Now more than a year later, the ABC11 I-Team found these devices are not always returned. Despite the investment, a number of laptops and hotspots were broken, missing and a few were found at a pawn shop.
Close to 500 Chromebooks issued by the Wake County Public School System were reported lost or have not been returned. Another 2,500 laptops were not returned and were assigned to students no longer enrolled in the district. These devices represent only around 2% of the 157,000 Chromebooks allocated across the district.
Around 4% of the laptops were tested by the district’s Break Fix Team.
Forty-five percent of the Wi-Fi hotspots distributed to Wake County students are lost, broken or unaccounted for.
Wake County isn’t the only school district reporting lost and broken devices.
The I-Team even found two Warren County School District laptops on sale at a Picasso pawn shop in Raleigh.
The Chromebooks–originally valued for close to $300–were marked down to $40.
A spokesperson for the Warren County School District said both laptops were issued to one student who is no longer enrolled at the district.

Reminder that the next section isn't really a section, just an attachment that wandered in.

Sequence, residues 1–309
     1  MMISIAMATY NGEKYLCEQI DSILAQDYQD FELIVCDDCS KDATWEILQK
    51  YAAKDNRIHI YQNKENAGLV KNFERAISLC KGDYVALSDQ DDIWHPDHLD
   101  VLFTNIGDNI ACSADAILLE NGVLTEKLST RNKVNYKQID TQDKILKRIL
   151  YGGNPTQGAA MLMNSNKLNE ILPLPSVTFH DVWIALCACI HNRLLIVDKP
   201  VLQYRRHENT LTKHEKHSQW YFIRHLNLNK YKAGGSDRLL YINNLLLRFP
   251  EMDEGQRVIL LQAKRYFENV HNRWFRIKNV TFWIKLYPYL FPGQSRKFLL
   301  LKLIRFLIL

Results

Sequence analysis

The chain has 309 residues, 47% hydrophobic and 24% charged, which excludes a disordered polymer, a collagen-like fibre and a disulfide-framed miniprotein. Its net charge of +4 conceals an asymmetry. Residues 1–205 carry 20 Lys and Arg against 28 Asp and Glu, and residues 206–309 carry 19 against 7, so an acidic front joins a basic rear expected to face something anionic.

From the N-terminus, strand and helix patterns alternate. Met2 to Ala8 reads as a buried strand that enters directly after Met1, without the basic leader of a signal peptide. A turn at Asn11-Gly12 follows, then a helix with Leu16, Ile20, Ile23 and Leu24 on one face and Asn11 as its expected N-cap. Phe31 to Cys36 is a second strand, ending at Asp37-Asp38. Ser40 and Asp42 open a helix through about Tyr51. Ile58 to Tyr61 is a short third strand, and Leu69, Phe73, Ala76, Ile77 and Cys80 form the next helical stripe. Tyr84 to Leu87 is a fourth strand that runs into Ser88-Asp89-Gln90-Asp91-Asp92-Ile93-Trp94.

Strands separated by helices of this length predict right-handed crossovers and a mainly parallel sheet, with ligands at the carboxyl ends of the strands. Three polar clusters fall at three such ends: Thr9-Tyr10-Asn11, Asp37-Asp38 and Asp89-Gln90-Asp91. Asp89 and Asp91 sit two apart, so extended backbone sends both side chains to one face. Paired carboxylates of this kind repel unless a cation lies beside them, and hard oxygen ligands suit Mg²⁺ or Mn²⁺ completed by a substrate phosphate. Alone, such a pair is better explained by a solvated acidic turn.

The district said it made multiple attempts to get the Chromebooks back and only have 11 laptops missing. Eight percent of the district’s 1,710 laptops were broken. Ten percent of the WiFi hotspots distributed were broken or lost.
Bill Dawson, the president and CEO of Picasso Pawn, told the I-Team that his stores do not take school laptops.
“We don’t want school systems’ laptops, and we do everything that we can to not take them and it’s also a training issue on our part and we’re revamping our training to make sure that all of our people understand that,” Dawson said.
Dawson said generally employees check who laptops are registered to but admitted it can be difficult to figure out if the students were allowed to keep the devices following graduation. All transactions at pawn shops are also put into a system that local police departments have access to. He said he didn’t know about the sale of the laptops until ABC11 reached out and is looking into how they wound up on store shelves.
“It’s really important that we do the right thing by the communities in which we serve. As an association, as an industry, we’re not in the business of doing, marketing other property that doesn’t belong to the people that bring it,” Dawson said.
ABC11 also requested data on devices from Durham Public Schools but has not been provided the data yet.
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